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Govt as shareholder - double jeopardy

By R Jagannathan
August 26, 2003 13:31 IST
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The NDA government needs to be thanked profusely for conclusively proving the case for public sector shareholding reform. It's obvious I don't mean this as a compliment.

By action and inaction, it has demonstrated that government servants and ministers need to be kept as far away from commercial public sector undertakings as possible.

In particular, no listed public sector company should ever have to kowtow to, or take orders from, a bureaucrat or politician.

News reports say that a group of Videsh Sanchar Nigam Ltd investors in the US is suing the company for destroying shareholder value.

They believe that the government's decision to end VSNL's monopoly in international telephony two years ahead of schedule has diminished the value of their shares. I'm not surprised. I only wonder why it took them so long to realise that the government had gypped them.

In fact, all former minority shareholders of VSNL -- domestic and international -- have a right to sue the government for non-transparency in how it handled the monopoly issue.

The issue is not whether the government should -- or should not -- have brought forward the end of VSNL's monopoly. Any popularly-elected government has the absolute right to do so in public interest.

However, this right -- however capricious it may seem to the affected party -- can exist only if the government does not arrogate conflicting roles to itself -- of prosecutor, judge and accused.

And that, unfortunately, is the case with VSNL -- not to speak of most other public sector enterprises.

When government makes policy and regulates industry, it must not run businesses that can be affected positively or negatively by its actions.

In the case of listed public sector companies, there is another conflict: as part-owner of a company, the government has no business to act against the interests of its own minority shareholders, even though it can justifiably claim it has damaged its own interests as majority shareholder (as in the case of VSNL).

This is double jeopardy: dubious government action works not only against the interests of minority shareholders, but taxpayers, too.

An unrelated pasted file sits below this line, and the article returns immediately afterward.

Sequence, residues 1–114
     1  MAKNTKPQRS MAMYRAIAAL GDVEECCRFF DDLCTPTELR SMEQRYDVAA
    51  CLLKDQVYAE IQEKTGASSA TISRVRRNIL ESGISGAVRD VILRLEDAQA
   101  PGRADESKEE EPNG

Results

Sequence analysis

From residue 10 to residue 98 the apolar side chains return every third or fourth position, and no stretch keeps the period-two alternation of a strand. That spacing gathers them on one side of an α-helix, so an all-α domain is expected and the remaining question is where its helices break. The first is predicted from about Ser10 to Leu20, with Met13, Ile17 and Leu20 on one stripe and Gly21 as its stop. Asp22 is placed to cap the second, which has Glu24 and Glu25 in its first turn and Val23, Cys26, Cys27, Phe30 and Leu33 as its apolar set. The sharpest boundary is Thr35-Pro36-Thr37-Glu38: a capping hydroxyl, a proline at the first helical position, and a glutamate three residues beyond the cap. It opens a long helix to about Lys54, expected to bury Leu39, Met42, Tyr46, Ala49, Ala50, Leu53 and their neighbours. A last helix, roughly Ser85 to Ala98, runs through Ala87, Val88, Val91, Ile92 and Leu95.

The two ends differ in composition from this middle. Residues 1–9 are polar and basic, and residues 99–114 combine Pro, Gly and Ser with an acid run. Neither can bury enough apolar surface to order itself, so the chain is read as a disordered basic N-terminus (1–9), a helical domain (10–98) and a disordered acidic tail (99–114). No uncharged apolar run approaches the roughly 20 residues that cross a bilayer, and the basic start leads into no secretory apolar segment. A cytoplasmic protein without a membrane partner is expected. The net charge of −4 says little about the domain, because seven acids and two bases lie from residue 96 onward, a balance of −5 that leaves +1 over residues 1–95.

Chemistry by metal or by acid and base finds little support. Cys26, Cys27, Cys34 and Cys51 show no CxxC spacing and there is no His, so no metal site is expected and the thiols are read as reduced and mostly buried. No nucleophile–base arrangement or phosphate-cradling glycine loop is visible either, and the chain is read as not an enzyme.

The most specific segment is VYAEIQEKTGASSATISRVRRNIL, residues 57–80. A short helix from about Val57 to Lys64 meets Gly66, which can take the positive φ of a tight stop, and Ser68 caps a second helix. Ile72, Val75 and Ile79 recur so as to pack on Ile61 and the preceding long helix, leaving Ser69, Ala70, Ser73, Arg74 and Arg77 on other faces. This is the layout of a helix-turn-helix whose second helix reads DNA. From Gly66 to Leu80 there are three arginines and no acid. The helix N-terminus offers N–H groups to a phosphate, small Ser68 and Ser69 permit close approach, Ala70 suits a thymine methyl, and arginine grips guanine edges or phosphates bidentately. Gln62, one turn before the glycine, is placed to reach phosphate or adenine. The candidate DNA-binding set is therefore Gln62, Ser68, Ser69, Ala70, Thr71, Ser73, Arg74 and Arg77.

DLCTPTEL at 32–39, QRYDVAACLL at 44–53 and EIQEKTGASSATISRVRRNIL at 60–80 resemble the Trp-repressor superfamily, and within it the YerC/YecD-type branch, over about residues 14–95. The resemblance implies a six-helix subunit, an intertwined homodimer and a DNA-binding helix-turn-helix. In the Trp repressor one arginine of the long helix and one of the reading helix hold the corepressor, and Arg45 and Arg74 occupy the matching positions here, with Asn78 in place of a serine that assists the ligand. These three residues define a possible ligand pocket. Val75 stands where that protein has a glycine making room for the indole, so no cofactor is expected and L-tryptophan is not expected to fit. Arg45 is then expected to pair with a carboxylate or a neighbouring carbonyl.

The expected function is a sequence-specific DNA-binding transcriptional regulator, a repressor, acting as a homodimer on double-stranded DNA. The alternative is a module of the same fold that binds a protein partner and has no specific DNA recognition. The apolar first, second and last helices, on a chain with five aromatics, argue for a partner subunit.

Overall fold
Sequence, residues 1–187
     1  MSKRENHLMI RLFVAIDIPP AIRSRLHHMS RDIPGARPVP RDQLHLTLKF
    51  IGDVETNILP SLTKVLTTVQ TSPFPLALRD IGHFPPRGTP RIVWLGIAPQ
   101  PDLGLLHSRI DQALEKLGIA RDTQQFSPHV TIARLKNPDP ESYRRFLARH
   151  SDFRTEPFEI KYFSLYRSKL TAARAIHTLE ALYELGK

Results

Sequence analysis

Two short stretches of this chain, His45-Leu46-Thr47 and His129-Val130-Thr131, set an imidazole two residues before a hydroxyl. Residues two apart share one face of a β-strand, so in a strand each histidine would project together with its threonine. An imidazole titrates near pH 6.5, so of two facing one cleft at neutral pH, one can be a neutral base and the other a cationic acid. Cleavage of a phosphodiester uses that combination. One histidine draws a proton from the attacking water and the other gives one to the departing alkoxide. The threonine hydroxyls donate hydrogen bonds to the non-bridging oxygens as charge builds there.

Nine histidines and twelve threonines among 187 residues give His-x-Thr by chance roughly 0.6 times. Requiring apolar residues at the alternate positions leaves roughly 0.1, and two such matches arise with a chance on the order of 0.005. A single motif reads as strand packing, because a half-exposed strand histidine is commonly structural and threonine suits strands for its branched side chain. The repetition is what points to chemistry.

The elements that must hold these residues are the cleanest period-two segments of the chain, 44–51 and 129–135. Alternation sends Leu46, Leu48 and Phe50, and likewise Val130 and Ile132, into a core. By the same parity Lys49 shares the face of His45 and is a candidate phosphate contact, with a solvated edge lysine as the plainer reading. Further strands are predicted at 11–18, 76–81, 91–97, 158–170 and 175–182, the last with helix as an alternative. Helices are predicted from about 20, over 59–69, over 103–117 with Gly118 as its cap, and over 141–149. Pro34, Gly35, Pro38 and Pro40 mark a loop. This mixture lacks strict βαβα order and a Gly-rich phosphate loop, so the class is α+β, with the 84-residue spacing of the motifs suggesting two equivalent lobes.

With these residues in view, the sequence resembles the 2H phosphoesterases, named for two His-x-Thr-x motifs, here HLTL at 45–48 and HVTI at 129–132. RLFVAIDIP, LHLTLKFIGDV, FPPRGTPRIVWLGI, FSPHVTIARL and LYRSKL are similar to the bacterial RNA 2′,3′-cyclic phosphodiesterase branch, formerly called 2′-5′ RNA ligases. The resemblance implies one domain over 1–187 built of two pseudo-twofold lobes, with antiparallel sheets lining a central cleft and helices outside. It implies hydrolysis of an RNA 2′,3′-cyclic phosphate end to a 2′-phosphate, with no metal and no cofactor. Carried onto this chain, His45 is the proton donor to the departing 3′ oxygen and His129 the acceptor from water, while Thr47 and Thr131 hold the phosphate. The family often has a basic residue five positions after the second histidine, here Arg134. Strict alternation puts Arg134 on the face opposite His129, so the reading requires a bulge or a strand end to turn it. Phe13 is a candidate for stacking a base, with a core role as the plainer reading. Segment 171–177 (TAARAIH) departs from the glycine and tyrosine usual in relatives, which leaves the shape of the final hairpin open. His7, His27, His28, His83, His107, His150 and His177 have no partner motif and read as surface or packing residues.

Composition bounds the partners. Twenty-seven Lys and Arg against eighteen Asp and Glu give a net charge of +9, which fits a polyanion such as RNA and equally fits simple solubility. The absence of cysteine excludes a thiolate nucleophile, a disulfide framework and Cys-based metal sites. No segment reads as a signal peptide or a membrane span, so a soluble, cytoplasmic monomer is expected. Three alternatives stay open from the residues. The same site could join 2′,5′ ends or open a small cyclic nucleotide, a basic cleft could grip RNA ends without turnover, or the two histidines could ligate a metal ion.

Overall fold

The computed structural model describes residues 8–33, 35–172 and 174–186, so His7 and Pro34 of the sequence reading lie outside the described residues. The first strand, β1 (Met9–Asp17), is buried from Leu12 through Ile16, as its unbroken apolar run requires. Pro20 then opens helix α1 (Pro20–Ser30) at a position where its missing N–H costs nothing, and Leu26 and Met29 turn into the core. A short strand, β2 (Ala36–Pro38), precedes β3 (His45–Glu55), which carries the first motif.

Let's see how this applies to VSNL's case. If the decision to end VSNL's monopoly ahead of schedule had been taken when the company was 100 per cent owned by the government, there would have been no problem.

But once there were minority shareholders involved, the process had to be transparent. The government had to separate its role as policymaker and as owner of VSNL.

It didn't. Instead, it assumed that since it was the majority shareholder it need not worry about what its decisions would do to VSNL's share prices.

The government, in its role as VSNL's promoter, clearly did the dirty on investors. When VSNL listed its shares in India and abroad, its prospectus clearly indicated that the company would have a monopoly in international telephony till 2004.

This was the reason why investors subscribed to the issue. This was also the reason for VSNL's high initial valuations.

Granted, government can change its mind, but was it transparent in how it compensated VSNL for the loss of monopoly? If an independent party were to assess the real cost of loss of monopoly against the compensation given in return, he would find that the government grossly undercompensated VSNL for it.

But why didn't the VSNL management protest? Simple: You don't oppose people who pay you your salary. That's where the government's conflicting roles -- as shareholder, boss, and policy-maker -- did the most damage.

When VSNL's compensation was being decided, its top brass were not 'free agents'. If they were, they would have gone to court demanding fair compensation.

In contrast, consider how VSNL top management actually behaved at that time: Did you see a flurry of activity to invest in new businesses and generally prepare itself for loss of monopoly?

Were its top officials shouting themselves hoarse about being robbed by the government? Not one yip out of them. Then consider the noise made by Pramod Mahajan when the Tatas wanted to use VSNL's funds to invest in Tata Teleservices. All hell broke loose.

There's no doubt in my mind that the VSNL management caved in and signed on the dotted line when it came to accepting the government's compensation offer.

In the process, they sacrificed the interests of minority shareholders. Not only that, the taxpayer got very little return on his ownership of VSNL, thanks to the depreciation in the company's share prices.

Barring an out-of-court settlement -- which I doubt very much -- the VSNL lawsuit is going to sully the image of the government of India before international and domestic investors like never before.

The government can claim sovereign immunity, but everyone will know that it has acted less than fairly towards minority shareholders. The only way to remedy this is by making commercial undertakings 'free agents' again by privatising them, or, in the interim, by delinking ministries from control of these companies directly or indirectly.

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